In this presentation, Dr Buys talks about the disease severity of open angle glaucoma at diagnosis time. Despite being a treatable condition, glaucoma is still a leading cause of blindness in Canada.
Our current evidence from the literature of the epidemiology in Canada is based on one population study published in 1966 using Schiotz tonometry and tonography; neither of which are used on a regular basis anymore as diagnostic tools. This repeats the finding presented earlier today of 3.9% prevalence in those not known to have glaucoma. Limitations of that study is that the diagnosis was based on self-reporting. We need to increase patient knowledge of disease and decrease asymptomatic glaucoma, hence the reason for the Canadian Glaucoma Risk Factor Study.
Canadian Glaucoma Risk Factor Study
- Multi-Centre non interventional
- Used the Canadian Ophthalmological Society (COS) guidelines for classification of staging of disease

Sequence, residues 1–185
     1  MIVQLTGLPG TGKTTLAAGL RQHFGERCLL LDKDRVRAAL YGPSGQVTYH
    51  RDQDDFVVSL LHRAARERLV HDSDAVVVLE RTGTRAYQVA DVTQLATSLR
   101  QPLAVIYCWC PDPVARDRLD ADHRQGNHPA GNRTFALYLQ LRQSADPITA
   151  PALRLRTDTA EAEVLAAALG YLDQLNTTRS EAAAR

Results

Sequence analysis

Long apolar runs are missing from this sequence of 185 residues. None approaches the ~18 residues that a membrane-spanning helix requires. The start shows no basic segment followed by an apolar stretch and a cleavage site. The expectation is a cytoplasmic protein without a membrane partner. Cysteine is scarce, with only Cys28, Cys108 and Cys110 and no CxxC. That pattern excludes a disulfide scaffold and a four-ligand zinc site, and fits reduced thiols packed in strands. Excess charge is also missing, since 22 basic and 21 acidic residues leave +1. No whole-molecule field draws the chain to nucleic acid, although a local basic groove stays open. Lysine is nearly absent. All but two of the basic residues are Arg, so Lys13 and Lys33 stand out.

- 405 pts enrolled, 113 with OH and 292 OAG; 50% presented with moderate or advanced disease
- Primary goal was identifying risk factors and only consistent finding was that of increased age
- History of present or past smoking significantly increased risk of having glaucoma
- 82% optometrist source of referral
- More referrals from Ophthalmologists likely to have glaucoma vs those from optometrists
Importance of early diagnosis
- improved outcomes
- cost savings to health care system not to mention patient specific costs such as loss of work
- current cost treatment $300M canada and can save $40M by treating earlier
Barriers to early diagnosis
- access to care by de-listing routine eye exam
- socioeconomic status
- poor case finding
- high cost of screening programs and more targeted screening based on risk factors.
Comment from audience
- best kind of screening is concentrating on family members of those we see